It is certainly true that the physical injury requirement has been gradually weakened so that a minimal physical injury will now suffice. See e.g., Laxton, at 433-34. This shift in the law, however, does not signal an abandonment of the objectivizing function served by the physical injury requirement, but is rather a product of the realization that the physical injury requirement no longer properly serves that function in many modern actions for emotional damages. Many actions for emotional damages brought today are radically different from the cases which gave rise to the requirement in that they involve an exposure to an extremely dangerous agent — such as asbestos, dioxin, or HIV — which may have serious adverse health consequences at some point far into the future. Given this fact, this Court has realized that in some situations, whether the plaintiff has incurred a literal physical injury has little to do with whether the emotional damages complained of are reasonable. This realization was evident in Laxton, where we were able to discount the fact that the plaintiffs had not suffered a classic physical injury, and to substitute as the required objective component of the prima facie case the plaintiffs' direct exposure to the carcinogenic chemical. The same can be said of the Court of Appeals' analysis in Gamble; the Court did not require evidence of a physical injury because the plaintiff's fetus had been directly exposed to a potentially dangerous agent. The Sixth Circuit Court of Appeals utilized the same type of analysis in Velsicol: although the Court did say that an "existent injury" was necessary in order to recover emotional damages, it is clear that this "existent injury" requirement was satisfied because the plaintiffs actually ingested the defendant's hazardous chemicals.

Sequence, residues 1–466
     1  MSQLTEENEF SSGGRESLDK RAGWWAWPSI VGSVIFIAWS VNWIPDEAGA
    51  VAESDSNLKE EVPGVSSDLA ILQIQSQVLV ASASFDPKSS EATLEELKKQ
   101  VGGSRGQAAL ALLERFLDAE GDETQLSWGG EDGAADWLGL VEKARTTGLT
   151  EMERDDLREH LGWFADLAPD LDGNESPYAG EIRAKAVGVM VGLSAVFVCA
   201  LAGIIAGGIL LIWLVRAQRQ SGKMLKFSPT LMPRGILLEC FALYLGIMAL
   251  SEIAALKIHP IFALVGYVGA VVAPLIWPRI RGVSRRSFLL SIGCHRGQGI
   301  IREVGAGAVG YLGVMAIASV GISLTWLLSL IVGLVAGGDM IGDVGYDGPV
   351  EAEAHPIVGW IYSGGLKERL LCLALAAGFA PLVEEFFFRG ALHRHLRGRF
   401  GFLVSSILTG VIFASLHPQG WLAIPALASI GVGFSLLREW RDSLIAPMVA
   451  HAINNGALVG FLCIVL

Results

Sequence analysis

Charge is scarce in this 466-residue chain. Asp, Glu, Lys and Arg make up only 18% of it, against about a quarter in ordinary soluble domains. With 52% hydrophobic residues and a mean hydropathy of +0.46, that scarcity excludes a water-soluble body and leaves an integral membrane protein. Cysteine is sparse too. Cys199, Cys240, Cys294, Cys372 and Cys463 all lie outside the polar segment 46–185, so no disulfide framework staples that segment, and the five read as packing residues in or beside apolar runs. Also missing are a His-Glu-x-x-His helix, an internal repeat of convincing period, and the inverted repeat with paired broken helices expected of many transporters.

See, e.g., Wisniewski v. Johns-Manville Corp., 759 F.2d 271 (3d Cir. 1985); In re Hawaii Federal Asbestos Cases, 734 F. Supp. 1563 (D.Ha. 1990); Delvin v. Johns-Manville Corp., 202 N.J. Super. 556, 495 A.2d 495 (1985).
See, e.g., Anderson v. W.R. Grace Co., 628 F. Supp. 1219 (D.Mass. 1986).